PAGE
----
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Jews' Temporary Shelter


JEWS' TEMPORARY SHELTER , charitable institution in London. In 1885 Simon Cohen, a baker, opened a refuge for East European immigrants who had been arriving in England in large numbers since 1881. It was maintained by Cohen himself and by other immigrants; the Jewish communal authorities, opposing it as encouraging immigration, succeeded in having it closed as unsanitary. Following protests, a new Poor Jews' Temporary Shelter was opened in October of the same year by communal leaders, including Samuel *Montagu and Herman Landau, o.b.e. (1849–1921), an immigrant teacher who became a prosperous stockbroker and communal leader in Jewish religious and charitable work. The Shelter, located in Leman Street, in the East End of London, arranged for immigrants to be met at the docks and provided accommodation for a maximum period of 14 days.

After some difficulties, the Shelter established a modus vivendi with the London Jewish Board of Guardians, the main charitable body of the community, which was anxious not to encourage immigrants, although it later realized that conditions in Eastern Europe made immigration inevitable. It was largely due to the Board's influence that the Shelter prohibited a long stay and did not give cash doles to immigrants. Finally, in 1900, the problem of immigrants from Romania (the fussgayer movement) led to a formal agreement between the two bodies. Until 1914, between 1,000 and 4,000 immigrants and transmigrants a year stayed there.

After the main Russo-Polish immigration ended with the outbreak of World War i in 1914, the Shelter continued to receive immigrants from other countries, although separate arrangements were made for some 9,000 Belgian refugees. During the war the Shelter moved temporarily to Poland Street, in the West Central district of London, but later returned to East London, first to Leman Street and then, in 1930, to Mansell Street.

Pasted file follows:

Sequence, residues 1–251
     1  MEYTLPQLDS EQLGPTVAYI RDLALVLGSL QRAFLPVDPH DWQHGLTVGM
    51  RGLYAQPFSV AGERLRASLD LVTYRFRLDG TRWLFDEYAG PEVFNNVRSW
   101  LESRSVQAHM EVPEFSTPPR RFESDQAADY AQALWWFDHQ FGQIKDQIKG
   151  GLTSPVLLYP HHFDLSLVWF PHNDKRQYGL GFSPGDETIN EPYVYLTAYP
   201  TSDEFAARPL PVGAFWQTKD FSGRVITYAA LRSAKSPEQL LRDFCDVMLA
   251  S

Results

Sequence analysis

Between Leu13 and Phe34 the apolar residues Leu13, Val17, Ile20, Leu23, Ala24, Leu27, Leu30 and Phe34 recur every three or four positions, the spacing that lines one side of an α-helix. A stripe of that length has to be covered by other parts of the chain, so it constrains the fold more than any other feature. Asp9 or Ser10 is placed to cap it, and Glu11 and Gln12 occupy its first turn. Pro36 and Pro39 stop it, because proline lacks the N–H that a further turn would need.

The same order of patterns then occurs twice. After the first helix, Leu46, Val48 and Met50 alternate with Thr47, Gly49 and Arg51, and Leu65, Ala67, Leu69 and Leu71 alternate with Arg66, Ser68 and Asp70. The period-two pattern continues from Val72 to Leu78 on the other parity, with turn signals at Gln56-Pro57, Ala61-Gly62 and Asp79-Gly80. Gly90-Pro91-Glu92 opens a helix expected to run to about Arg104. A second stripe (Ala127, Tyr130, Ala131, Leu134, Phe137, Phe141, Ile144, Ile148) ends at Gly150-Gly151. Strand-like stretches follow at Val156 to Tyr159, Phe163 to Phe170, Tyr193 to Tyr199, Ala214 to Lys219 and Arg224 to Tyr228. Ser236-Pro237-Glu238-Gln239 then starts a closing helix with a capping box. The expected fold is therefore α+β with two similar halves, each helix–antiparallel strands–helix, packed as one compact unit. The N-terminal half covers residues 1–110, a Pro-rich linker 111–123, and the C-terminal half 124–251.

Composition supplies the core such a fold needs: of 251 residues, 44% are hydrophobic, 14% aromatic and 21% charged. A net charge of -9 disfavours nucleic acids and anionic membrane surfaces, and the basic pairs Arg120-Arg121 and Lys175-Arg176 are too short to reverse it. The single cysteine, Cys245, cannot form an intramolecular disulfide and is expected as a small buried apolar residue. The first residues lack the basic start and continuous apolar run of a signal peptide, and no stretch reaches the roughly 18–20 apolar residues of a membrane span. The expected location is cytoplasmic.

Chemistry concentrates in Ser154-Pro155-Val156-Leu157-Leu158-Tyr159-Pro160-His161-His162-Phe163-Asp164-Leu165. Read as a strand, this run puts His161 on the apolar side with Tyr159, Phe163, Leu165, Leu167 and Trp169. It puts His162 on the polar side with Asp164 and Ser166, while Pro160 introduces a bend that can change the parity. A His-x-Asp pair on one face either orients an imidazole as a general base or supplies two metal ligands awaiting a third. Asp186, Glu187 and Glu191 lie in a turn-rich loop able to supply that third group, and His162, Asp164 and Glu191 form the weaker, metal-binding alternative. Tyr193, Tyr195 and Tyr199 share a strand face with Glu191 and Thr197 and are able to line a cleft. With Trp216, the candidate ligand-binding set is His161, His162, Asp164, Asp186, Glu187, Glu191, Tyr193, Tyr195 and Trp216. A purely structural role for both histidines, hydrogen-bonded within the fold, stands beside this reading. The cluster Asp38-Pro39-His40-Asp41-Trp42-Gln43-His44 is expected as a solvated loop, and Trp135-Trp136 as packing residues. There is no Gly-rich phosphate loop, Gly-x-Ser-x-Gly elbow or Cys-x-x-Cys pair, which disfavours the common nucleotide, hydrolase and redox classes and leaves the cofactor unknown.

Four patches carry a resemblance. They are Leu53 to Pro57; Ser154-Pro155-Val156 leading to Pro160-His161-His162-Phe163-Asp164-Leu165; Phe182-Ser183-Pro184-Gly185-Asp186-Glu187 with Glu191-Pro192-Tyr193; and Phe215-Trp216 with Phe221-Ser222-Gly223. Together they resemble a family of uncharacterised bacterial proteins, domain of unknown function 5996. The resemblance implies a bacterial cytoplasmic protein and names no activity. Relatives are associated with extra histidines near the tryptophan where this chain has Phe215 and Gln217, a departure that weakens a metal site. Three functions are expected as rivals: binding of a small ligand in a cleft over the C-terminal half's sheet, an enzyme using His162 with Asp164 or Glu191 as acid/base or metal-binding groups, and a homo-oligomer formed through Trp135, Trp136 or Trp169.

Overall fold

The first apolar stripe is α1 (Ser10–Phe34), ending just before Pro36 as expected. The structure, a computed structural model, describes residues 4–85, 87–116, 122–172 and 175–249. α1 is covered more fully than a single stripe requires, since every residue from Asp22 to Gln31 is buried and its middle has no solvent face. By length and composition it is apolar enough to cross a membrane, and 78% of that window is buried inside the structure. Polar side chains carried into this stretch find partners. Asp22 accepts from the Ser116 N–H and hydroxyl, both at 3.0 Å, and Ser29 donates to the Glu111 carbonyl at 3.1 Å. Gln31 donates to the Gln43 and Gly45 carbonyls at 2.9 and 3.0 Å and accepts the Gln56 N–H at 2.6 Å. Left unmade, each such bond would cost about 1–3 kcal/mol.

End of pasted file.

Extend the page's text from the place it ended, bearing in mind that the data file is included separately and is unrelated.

It was estimated that from 1885 to 1937 the Shelter had been responsible for meeting 1,180,000 immigrants at the docks and that 126,000 had stayed at the Shelter. During the 20th century, the Shelter was associated especially with the brothers Otto M. (1875–1952) and Ernst Schiff (1881–1931). Born in Frankfurt on the Main into the famous Schiff banking family, they settled in London and became members of the Stock Exchange. They were active communal leaders, especially in religious, charitable, and educational work. Ernst Schiff became president of the London Jewish Religious Education Board and warden of the Great Synagogue. Coming under the influence of Herman Landau, the two brothers were active on behalf of refugees, first the Belgian immigrants in World War i and then Jewish refugees in general. Otto Schiff was president of the Shelter in 1922–48, then life president. Both were honored for this work, Ernst Schiff being appointed m.b.e., and Otto Schiff first o.b.e. for his work for Belgian refugees and c.b.e. for his services to German refugees.

After World War ii, the Shelter continued to help immigrants, especially refugees from Hungary and from the Middle East (Aden, Egypt, and other countries), India, and Pakistan. In 1973, it moved from East London to Willesden, an area in North-West London with a considerable Jewish population.


L.P. Gartner, The Jewish Immigrant in England (19732); V.D. Lipman, A Century of Social Service (1959); S. Zweig, House of a Thousand Destinies (n.d. 1937?); Jewish Chronicle (Jan. 1, 1932; Oct. 15, 1952; Dec. 28, 1973).

[Vivian David Lipman]

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